Yeah, by all means. Let's not revisit a scenario where a president's enablers allowed him to hold onto the nuclear codes when they knew damned full and well he was suffering from dementia. That would cut a little too close to the bone for the people responsible for failing to do their duty to their country, wouldn't it?

Satire should never apologize for being right.

Put an End to the Daily Show Already

Really, really remarkable:

This is an election year in which a racist billionaire and a democratic socialist, both prone to rants, are somehow viable candidates for their respective parties’ nominations. This is exactly the kind of news cycle that makes for great political satire. Comedy Central’s The Daily Show With Trevor Noah should be having a season for the ages. So why isn’t it? How did this program go from being one of the most vital things on television to being a pleasant also-ran? Slate’s TV criticWilla Paskin has been pondering this state of events, and she delivers her verdict in an editorial called “Why Are Americans Ignoring Trevor Noah?” As that title indicates, Paskin lays the blame for The Daily Show’s slide into irrelevance at the feet of the show’s current host, Trevor Noah, who has perhaps overcompensated in his efforts to distinguish himself from his cranky, deeply committed predecessor, Jon Stewart. According to Paskin, Stewart “turned himself gray trying to rain sanity, silliness, and outrage on the hypocrisy, mendacity, and idiocy that is our political discourse.”
But Noah is a different kind of comedian and a different kind of host, and under his leadership, The Daily Show has been aiming for young male viewers who are not particularly well informed or even that concerned about current politics. Paskin argues that the affable, breezy Noah is not capable of the kind of sharp political satire currently being produced by more experienced TV hosts like Larry Wilmore. Here, she unfavorably compares The Daily Show’s funny but disposable take on the Flint, Michigan water crisis to The Nightly Show’s more cutting commentary on the same events. To be fair, Paskin admits that Noah is still learning the ropes: “The four months Noah has been in charge of The Daily Showis nothing.” But the article does express some real concern that the show has become neutered at the worst possible time. “You still may laugh,” Paskin writes, “but an inessential Daily Show is a real loss.”

At some point, we're going to find ourselves in Springtime and the Daily Show will continue to be completely irrelevant to the political discussion in the United States of America. An executive at Comedy Central will snap his or her fingers and come to the realization that they picked a good guy to follow Jon Stewart. They just didn't pick the right guy.

This summer, someone will hand Stewart a big bag of money. Come back for the election, they'll say. Will he take the bag of money and slide back into the chair while they look for a real replacement? I have no idea. But if they want to make The Daily Show relevant again, they'll have to bring back Stewart so that he can restore the show to some semblance of watchable again, and they'll have to find the right host to take over permanently. If they don't find that person, and, really, it should have been Samantha Bee, then just end the thing already. Comedy Central screwed up, big time.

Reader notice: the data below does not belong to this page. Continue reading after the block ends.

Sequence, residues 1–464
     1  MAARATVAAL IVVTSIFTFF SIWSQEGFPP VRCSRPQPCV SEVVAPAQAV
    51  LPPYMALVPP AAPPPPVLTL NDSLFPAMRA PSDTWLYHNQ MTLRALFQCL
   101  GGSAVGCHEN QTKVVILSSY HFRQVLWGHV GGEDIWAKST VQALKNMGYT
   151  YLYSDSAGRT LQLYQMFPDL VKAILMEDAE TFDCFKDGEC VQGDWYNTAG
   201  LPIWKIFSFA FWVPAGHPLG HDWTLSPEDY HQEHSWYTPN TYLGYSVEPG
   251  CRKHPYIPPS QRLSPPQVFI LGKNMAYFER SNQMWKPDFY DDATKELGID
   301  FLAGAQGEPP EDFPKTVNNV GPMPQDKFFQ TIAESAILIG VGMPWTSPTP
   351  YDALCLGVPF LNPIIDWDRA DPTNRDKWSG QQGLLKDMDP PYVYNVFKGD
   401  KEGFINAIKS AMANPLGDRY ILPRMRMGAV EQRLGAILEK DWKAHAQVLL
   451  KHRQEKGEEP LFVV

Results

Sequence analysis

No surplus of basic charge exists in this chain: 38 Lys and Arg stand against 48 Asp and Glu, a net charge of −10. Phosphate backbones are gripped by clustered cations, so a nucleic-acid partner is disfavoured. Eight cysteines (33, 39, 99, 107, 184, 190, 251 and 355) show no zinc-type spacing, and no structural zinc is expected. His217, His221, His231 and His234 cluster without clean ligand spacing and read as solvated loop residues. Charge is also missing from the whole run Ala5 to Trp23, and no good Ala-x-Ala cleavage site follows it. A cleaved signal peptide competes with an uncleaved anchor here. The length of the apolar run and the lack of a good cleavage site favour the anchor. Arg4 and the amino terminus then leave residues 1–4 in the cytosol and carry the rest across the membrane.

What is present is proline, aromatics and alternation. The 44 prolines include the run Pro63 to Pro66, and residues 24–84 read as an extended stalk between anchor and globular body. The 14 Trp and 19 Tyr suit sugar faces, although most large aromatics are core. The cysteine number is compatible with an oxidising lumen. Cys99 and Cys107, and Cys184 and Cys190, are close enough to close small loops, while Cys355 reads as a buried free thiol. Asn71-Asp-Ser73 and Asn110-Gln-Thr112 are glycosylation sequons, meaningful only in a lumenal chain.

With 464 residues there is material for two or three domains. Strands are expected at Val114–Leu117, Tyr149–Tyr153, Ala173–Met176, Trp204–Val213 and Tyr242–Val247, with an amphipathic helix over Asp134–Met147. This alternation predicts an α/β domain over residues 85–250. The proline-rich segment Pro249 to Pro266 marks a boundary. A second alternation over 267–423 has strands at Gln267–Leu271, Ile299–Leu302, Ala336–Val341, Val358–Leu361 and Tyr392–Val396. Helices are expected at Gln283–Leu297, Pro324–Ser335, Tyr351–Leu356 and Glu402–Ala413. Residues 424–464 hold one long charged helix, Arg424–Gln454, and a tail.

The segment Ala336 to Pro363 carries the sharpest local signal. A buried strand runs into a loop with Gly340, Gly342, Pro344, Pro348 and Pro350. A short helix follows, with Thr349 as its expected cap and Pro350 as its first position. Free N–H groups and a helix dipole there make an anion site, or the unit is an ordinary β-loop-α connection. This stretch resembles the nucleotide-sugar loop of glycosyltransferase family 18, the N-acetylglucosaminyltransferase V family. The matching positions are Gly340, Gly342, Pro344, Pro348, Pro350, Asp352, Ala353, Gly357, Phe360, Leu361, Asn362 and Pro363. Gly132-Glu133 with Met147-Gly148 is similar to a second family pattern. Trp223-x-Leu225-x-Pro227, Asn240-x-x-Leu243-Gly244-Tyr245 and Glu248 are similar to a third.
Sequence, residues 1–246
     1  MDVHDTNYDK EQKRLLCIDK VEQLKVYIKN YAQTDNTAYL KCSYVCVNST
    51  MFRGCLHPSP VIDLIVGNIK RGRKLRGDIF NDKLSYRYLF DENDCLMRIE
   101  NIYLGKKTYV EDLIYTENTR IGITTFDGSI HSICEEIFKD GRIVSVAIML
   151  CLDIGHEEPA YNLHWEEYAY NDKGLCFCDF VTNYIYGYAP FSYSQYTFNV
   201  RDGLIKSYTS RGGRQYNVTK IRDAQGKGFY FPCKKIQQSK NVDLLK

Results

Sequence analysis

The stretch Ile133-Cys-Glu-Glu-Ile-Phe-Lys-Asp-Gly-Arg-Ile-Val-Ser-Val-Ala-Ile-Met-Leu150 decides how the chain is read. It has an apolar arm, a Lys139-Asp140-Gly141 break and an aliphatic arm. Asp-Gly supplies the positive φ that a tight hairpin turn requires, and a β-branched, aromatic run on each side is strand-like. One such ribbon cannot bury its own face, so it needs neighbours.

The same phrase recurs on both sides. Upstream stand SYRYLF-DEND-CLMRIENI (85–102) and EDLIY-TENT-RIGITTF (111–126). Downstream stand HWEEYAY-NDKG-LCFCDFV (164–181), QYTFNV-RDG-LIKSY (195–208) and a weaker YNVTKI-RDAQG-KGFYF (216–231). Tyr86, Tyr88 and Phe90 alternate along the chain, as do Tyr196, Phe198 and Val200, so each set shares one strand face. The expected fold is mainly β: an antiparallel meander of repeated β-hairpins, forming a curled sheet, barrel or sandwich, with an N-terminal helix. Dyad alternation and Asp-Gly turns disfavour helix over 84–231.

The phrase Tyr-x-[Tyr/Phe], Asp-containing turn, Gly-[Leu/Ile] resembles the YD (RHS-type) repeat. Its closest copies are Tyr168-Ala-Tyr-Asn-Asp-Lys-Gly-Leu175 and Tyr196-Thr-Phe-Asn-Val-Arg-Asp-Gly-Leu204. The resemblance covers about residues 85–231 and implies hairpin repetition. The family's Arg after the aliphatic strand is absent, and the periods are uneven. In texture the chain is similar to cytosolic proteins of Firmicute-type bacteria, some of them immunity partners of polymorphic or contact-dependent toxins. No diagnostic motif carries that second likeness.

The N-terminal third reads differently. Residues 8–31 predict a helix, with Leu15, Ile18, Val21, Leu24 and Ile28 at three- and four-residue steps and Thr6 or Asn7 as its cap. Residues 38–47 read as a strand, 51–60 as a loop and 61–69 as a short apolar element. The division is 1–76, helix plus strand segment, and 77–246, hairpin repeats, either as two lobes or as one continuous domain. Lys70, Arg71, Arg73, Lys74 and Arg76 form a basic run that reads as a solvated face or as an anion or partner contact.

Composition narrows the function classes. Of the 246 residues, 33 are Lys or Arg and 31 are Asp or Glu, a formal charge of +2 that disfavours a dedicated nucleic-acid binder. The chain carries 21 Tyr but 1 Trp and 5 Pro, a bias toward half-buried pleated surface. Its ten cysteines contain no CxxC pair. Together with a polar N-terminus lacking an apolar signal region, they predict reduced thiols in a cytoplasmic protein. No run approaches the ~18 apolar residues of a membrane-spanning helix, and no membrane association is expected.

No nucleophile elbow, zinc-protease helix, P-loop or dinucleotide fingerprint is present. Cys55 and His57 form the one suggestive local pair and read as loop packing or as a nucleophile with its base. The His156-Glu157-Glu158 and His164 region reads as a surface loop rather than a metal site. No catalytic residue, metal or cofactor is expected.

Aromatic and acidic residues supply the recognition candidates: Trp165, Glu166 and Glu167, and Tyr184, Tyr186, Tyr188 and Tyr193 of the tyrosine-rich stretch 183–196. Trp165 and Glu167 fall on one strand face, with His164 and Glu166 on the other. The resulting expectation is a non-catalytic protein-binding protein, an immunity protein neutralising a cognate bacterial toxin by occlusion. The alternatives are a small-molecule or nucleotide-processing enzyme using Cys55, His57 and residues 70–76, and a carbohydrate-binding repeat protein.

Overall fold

Trevor Noah was the right pick in every sense of the word, except one. He had no idea what makes the Daily Show essential to American political discourse.

Art and Social Conscience

This is a bit of a pipe dream:
When the world is convulsed by a financial disaster, it seems only right that the arts should engage with it. Just to continue with its own concerns, shut away in its little world of galleries and concert halls would seem indecent, while millions are being thrown out of work or onto the street.

History offers an inspiring example of how art can help heal the social wounds brought on by a financial crisis. After the Wall Street Crash of 1929 and the Great Depression that followed, the arts in America took on a new tone, epitomised in the career of Aaron Copland. He foreswore the nose-thumbing modernism of his youth and set about creating a ruggedly populist language, epitomised in such works as the Fanfare for the Common Man (later incorporated into the 3rd Symphony) and those wonderful ballets such as Billy the Kid.

Like the Depression-era artists such as Ben Shahn and playwrights such as Clifford Odets, Copland knew that to be politically effective, art has to speak in terms its audience will understand. In the Thirties, artists themselves often suffered from the same poverty as the Okie farmers and unemployed factory workers depicted in their art. That's why it has such a stirring sense of conviction; it was born out of social solidarity.

You would think that because our ability to exchange information has improved dramatically since the 1930s that the art of today would be more relevant in terms of commentary. It isn't, precisely because the technology and the context is too easy to ignore and misunderstand.

I think thinks were more straightforward in previous eras. There is always subtext, and sly humor, and satire has been ever-present, but the impact of Depression-era art is greater because you could hit people over the head with scenes of pathos and desperation and not be readily accused of manipulation and dishonesty.

What you see above is a distressed piece of euro currency. So, the artist doesn't like money or the design of the money? This is supposed to be a unique and biting piece of social commentary? Really? He colored on and chopped up a large denomination bill. Hey, that's original.

Snark, in other words, has undermined everything in the art world. These images of pathos you're displaying--are you for real or are you being ironic or are you juxtaposing things in order to make people laugh? That's why the impact is greatly reduced.